KUALA LUMPUR - The word "pork" will now be dropped from the Malaysia Airlines in-flight magazine, in response to a recent social media furore where the national carrier was wrongly accused of publishing a picture of a pork dish.
Articles on restaurants in the Going Places magazine may instead use the words "non-halal" (forbidden in Islam), reported The Malay Mail, and not mention pork dishes available on the restaurants' menu.
The issue first came to the fore when a reader in the Muslim-majority country complained that the airline was being insensitive for carrying a picture of a pork dish in its feature on the Curious Kitchen restaurant in the January edition.
The article went viral on social media and sparked anger among Muslims who accused Malaysia Airlines of promoting pork.
The carrier apologised, but also clarified that the image complained about was actually of Wagyu beef slices and cuttlefish.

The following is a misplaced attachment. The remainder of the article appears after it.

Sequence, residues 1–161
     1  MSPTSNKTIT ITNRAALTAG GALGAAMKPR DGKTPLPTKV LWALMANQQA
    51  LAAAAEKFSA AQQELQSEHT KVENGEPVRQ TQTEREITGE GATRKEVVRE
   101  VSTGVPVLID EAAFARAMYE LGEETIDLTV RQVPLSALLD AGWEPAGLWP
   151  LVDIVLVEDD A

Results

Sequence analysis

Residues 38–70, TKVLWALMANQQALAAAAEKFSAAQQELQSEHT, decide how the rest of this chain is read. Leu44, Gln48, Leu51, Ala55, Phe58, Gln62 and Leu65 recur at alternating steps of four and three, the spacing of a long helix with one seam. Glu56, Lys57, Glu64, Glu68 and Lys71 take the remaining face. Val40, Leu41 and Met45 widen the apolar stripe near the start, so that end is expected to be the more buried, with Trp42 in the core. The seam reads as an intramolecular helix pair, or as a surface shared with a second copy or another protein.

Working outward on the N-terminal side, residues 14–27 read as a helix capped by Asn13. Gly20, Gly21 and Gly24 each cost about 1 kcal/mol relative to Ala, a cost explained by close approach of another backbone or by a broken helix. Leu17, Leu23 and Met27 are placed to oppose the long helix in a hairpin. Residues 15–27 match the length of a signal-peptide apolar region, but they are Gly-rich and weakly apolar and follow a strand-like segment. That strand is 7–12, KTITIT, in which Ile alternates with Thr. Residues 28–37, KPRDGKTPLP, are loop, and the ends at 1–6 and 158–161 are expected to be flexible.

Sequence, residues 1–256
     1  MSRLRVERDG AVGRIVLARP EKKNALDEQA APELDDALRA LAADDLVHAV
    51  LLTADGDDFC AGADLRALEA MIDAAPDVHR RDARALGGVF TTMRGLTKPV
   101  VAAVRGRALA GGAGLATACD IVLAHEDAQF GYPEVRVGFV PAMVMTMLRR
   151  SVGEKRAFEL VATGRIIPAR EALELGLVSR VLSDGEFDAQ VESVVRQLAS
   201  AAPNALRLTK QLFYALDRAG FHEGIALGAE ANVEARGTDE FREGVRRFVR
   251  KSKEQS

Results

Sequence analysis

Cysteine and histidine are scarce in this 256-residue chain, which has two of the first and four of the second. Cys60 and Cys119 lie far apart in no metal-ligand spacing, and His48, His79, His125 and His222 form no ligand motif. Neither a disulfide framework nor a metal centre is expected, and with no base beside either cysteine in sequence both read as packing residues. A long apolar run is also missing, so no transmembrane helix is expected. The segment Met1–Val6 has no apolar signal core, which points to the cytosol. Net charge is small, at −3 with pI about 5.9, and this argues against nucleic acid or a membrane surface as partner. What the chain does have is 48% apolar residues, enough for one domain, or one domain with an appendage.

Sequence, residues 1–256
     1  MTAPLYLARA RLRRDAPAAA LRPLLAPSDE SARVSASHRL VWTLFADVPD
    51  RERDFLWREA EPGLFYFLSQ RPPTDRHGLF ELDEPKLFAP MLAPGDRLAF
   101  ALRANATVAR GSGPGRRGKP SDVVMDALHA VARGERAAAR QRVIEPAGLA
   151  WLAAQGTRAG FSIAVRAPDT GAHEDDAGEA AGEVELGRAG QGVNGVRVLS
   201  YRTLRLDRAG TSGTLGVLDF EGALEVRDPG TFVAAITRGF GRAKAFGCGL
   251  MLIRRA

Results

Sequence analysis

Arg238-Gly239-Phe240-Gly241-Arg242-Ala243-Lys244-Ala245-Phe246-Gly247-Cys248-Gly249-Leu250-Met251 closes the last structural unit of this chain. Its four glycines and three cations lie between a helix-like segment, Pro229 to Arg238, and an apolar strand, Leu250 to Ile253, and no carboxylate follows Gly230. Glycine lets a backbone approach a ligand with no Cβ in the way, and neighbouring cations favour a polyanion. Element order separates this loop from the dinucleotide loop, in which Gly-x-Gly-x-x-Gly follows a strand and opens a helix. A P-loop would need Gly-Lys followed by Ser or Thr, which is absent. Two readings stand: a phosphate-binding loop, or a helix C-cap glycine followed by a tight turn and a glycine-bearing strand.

"Just like other lifestyle magazines, the review of the restaurant was meant to promote the eateries for passengers all over the world," Malaysia Airlines was quoted by Malay-language daily Sinar Harian as saying on Monday (Jan 21) .
Capitalising on the furore, Curious Kitchen, located in the upmarket residential suburb of Tropicana in Selangor, jumped on the current social media 10-year challenge bandwagon on Friday to highlight the difference between pork and beef.
"Here's our 10 Year Challenge. Drop by our kitchen and we'll show you the difference :) #10yearchallenge #porknotpork #staycurious #mycuriouskitchen," the restaurant cheekily said on its Facebook and Instagram accounts.
The post featured two identical images of its Wagyu strip loin dish side by side, accompanied by fine print which read: "Haven't cracked it? It's still beef lah."
A day earlier, the restaurant had announced that its Wagyu strip loin is no longer available.
"Our Wagyu Strip Loin couldn't handle the sudden fame and has since retired. We now welcome a new addition to our family," it said on its social media sites, with a picture of Wagyu beef ribs and a cheeky caption: "not to be mistaken for pork."
This article was first published in The Straits Times. Permission required for reproduction.